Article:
We are not supposed to knock Brazil during the World Cup, I imagine, but I am suspicious about the reintroduction of the Reintegra program, which gives tax credits to exporters. When it suspended the program last year after two years, the Government said it was too expensive. Well, what has changed? Growth was 2.3 percent in 2013 but will fall to 2 percent this year, at best; inflation is running at 6.5 percent, way ahead of the central bank's 4.5 percent target; the budget deficit is likely to increase from last year's 3 percent, not least because of heavy spending on the sacred World Cup, which most economists do not think will stimulate the economy much, if at all – in fact investment fell in the first quarter of the year. Interest rates are at 11 percent, up over the last eighteen months from 7.25 percent as the Government struggles to control inflation. It's not a pretty picture, and business is not helped by the Government's propensity for incessant fiddling with rates and regulations. Something that is new is the imminent Presidential election in which Dilma Roussef will try for a second term, and the Government's economic actions need to be seen in that light. Reintegra itself will obviously be welcomed by all Brazilian exporters, but does not seem to be an overtly political measure. Maybe they hope that it will stimulate economic activity in the months before the election. The measure is not overtly protectionist, although the tax credits are only given in respect of products with at least 60 percent local content. Perhaps that is not unreasonable, in order to target genuine manufacturing rather than re-exporting assembly plants. Yet I wonder.

Last Monday was bad news day for many Italians, with large tax bills coming due. Of itself, that would not necessarily be an issue – the problem is that the rates of tax are so high, worsened by the complication of the system. Even the IMF, which almost universally advises governments to increase taxes, thinks that rates are too high. The economy contracted by 0.1 percent in Q1, making minus 0.5 percent in the last 12 months. Like France, Italy is missing its deficit goals, and was reported to have asked the EU last week for an extra year to achieve them. Supposedly, Matteo Renzi, who by the way is unelected, is prepared to support the candidature of Jean-Claude Juncker in exchange for relief from Brussels. Apart from being a dreadful example of the sort of unprincipled "consensus" politics that have brought Europe to its knees, any slackening of the screws on Italy would be catastrophic: it is not the deficit itself, which is not so very large, less than the magic Maastricht 3 percent; the problem is the debt, which is over 130 percent of GDP and rising. It will rise even further if Italy is allowed bread and circuses; and this in a week when the Governor of the Bank of England talks of "fiscal tightening," that is to say, higher interest rates.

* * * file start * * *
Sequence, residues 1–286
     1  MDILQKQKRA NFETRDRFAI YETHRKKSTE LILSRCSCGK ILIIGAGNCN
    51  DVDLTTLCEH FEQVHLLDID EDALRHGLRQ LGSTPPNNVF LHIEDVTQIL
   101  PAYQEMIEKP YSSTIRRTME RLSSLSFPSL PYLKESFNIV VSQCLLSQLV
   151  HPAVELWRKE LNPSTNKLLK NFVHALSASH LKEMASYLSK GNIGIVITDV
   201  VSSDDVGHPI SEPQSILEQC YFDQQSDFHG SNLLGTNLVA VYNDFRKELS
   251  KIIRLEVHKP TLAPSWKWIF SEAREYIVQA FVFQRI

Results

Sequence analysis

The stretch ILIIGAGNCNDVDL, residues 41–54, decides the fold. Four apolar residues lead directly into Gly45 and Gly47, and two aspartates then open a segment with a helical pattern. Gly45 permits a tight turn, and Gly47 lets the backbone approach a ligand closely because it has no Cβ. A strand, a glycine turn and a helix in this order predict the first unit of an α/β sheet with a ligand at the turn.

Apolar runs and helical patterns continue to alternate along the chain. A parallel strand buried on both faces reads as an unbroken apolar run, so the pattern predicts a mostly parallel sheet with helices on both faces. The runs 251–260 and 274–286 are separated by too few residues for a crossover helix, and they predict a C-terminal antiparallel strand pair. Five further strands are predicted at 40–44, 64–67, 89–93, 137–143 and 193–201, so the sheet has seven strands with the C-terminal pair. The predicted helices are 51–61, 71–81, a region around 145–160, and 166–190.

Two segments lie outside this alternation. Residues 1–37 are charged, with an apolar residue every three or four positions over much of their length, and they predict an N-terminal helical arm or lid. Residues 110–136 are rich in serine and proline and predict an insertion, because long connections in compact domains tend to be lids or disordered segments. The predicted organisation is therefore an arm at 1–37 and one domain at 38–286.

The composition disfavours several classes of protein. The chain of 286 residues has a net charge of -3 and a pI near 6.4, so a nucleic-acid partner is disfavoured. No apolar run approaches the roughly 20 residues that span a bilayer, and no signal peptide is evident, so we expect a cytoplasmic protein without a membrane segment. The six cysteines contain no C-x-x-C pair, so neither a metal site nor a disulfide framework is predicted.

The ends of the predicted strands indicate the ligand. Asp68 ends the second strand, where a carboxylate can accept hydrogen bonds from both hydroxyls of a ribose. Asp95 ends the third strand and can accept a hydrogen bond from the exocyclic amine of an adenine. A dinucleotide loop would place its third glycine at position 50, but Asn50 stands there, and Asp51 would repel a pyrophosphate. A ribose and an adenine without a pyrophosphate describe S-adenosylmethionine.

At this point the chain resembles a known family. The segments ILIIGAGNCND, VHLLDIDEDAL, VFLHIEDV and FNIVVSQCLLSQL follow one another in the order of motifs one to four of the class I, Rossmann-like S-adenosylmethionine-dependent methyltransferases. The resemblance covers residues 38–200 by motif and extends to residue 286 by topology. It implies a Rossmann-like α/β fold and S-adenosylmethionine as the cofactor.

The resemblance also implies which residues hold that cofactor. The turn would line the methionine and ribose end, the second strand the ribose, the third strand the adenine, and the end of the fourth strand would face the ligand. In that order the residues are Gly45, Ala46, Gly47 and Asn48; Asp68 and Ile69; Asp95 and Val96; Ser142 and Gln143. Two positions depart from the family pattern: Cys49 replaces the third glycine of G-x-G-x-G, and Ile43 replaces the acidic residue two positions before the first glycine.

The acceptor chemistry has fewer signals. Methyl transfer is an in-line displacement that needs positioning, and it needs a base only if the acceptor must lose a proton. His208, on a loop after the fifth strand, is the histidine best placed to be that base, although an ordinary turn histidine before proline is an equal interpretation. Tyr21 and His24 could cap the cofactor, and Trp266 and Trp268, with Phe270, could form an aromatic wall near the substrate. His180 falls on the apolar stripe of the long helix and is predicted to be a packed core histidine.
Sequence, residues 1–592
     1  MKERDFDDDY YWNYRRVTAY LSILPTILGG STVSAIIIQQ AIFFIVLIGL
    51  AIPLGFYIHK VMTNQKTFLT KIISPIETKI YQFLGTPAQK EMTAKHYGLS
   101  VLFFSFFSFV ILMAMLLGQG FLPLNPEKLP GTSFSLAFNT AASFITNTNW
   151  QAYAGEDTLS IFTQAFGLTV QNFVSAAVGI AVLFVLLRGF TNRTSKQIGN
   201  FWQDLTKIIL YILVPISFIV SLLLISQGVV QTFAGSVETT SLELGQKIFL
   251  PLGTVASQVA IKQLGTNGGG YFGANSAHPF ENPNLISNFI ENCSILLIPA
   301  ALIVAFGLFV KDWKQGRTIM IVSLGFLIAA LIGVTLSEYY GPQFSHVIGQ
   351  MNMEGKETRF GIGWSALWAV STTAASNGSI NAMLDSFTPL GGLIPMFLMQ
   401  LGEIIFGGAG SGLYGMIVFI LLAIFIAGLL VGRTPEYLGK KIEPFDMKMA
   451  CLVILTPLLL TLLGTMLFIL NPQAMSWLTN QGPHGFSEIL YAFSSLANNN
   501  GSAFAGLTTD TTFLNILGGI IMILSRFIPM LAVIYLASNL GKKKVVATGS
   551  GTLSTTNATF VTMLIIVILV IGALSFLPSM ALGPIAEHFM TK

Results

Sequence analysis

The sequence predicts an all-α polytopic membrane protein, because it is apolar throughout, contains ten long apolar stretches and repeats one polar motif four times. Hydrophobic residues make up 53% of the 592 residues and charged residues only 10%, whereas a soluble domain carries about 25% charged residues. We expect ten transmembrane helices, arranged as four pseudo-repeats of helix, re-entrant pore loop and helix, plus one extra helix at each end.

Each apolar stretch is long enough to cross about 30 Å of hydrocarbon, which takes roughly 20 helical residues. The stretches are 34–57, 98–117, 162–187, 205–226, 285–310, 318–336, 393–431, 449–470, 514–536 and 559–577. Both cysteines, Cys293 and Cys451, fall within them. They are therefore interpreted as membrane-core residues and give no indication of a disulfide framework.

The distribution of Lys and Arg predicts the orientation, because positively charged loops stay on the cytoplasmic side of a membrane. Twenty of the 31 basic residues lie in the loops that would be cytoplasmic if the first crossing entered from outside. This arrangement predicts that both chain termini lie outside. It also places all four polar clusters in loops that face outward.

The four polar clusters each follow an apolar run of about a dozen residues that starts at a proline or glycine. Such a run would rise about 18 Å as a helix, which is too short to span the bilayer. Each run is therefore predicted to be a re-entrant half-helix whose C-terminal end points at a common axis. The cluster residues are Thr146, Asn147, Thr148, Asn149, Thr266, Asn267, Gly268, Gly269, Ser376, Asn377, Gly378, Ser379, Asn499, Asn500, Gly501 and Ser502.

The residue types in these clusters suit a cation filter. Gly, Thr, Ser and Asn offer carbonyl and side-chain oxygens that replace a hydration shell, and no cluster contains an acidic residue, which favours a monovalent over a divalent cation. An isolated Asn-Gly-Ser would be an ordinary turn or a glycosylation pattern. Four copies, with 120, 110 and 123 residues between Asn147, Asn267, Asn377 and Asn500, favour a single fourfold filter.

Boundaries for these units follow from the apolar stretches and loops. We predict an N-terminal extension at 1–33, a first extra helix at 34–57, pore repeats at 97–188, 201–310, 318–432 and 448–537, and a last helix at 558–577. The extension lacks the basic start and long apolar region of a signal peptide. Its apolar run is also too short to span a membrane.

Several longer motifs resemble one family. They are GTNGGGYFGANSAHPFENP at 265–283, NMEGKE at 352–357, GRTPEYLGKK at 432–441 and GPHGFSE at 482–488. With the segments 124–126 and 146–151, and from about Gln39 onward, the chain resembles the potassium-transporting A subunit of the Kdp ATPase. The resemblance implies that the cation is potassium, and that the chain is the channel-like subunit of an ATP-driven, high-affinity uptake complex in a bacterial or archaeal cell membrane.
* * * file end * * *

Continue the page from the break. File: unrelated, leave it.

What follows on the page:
Kitty's Encomiums and Execrations

Methodology: each week (this is the 110th) one or more countries are given encomiums and one or more are given execrations. Those are the entries below with descriptive links. In the following week, each encomium counts as + 1 for that country, and each execration counts as – 1, being added to that country's existing score. Over time, therefore, a ranking will build up for each country, and further countries will join the listing. Germany is at neutral, since in the second week it had an execration and in the first week it had an encomium, leaving it at neutral; then it had an execration in week four, thus dropping to – 1, and another one in week six, dropping to – 2; finally in week 13 it got something right, so it went back up to – 1; then in week 16 it gained a further star, so then it was in neutral territory until week 23 when it dropped back to minus one, but reverting to neutral territory in the following week, then dropping to minus one in week 50, and back up to plus one in week 51, then to plus two in week 52. Some weeks ago it dropped a place, but then quickly recovered one step. Etc etc and now it's on plus 1 again.

The rankings are intended to be a proxy for business friendliness; evidently they are highly partisan, but as time goes by they are becoming useful for decision-making. For any country in negative territory, you should think carefully before starting a business there.

Kitty's Encomiums:

France and la vie en rose

Ireland 1, Brussels 0

And Kitty's Execrations:

Brazil buffeted

Italy in a bind

 

Ciao

Kitty



About the Author


Kitty Miv, Editor

Kitty was born in Argentina in 1960 to a Scottish cattle rancher and his Argentine wife. Educated in Edinburgh and at Princeton, Kitty worked for the World Bank as an economist, where she met and married an emigre Iranian banker. During her time with the Bank, Kitty worked in a number of emerging markets, including a spell in the ex-USSR as a Transition Economies Team Leader. Kitty is now a consultant in Brussels and has free-lance writing relationships with a number of prominent economic publications. kitty@lowtax.net